Day 5: We leave Serengeti on a long drive to our next camping destination—the rim of Ngorongoro crater, a huge, perfectly intact volcanic caldera that is home to some 30,000 animals. The night is spent at a campsite on the rim of the crater, where spectacular views of the surrounding region can be had. 
The day is marked by extremely rough roads and constant jostling and banging in the truck. It actually breaks down several times. Fortunately, the driver is also a mechanic and manages to get the vehicle back up and running each time. At the end of safari, I think I will have breathed as much dust as a crew of coal miners. It is too hot to keep the windows up.
Day 6: It is surprising how cold and breezy the campsite is. This day, we break into groups of four and drive through dense fog to the crater in hired landrovers. It is good to get out of the big truck into more dexterous vehicles. The scenery is spectacular, as is the changing weather. On the surface of the crater, the low-lying clouds lift and the sun comes out. We see a vast single-file parade of wildebeest, marching to the edge of a lake where flamingos are congregated.
Day 7: We descend once more into the Great Rift Valley and enter the Tarangire National Park. The Tarangire's open savannah and unique baobab trees provide a mixed habitat for a wide variety of bird and animal life, including elephants, oryx, kudu, gazelles and eland. To me, seeing the baobab trees are as wonderful as the animals. They have massive, stubby trunks and then spread branches into the air in a great fan shape. To be near them is almost a mystical experience.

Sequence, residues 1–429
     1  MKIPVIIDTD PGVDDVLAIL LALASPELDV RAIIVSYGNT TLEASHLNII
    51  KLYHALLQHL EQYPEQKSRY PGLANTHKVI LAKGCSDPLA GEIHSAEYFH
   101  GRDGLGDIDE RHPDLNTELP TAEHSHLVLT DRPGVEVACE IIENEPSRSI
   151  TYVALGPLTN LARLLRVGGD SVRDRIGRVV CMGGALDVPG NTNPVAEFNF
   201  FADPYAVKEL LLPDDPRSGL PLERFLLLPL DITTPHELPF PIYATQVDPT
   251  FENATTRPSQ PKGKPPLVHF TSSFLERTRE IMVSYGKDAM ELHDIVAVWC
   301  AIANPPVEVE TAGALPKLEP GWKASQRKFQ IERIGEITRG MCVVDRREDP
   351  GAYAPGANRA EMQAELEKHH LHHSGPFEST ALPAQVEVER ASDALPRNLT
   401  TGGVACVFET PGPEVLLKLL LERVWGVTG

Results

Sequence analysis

Day 8: We drive back to Nairobi and exchange goodbyes. The crew has been diligent, knowledgeable and courteous. The entire group has bonded during the trip, sharing marvelous experiences, some hardships, and insights along the way.

Click here
to see more safari pictures

Saturday night I went with a few African friends to a juke-joint where a live band played and locals relaxed and danced. I was the only white person in the big crowd and enjoyed experiencing this curiosity. In the United States, I often wondered what it was like for blacks being a minority in such situations. Really, I was not very self-conscious, but rather, joined the crowd, pressing flesh, saying hello, and loving the moments.

I am going to India next. This Friday, October 10th, I fly to New Delhi.

1 comment:

Unknown said...

Tanzania sounds great. The Kruger National Park is also an awesome game reserve, not to be missed.

Vist my blog on African Safari Stories. and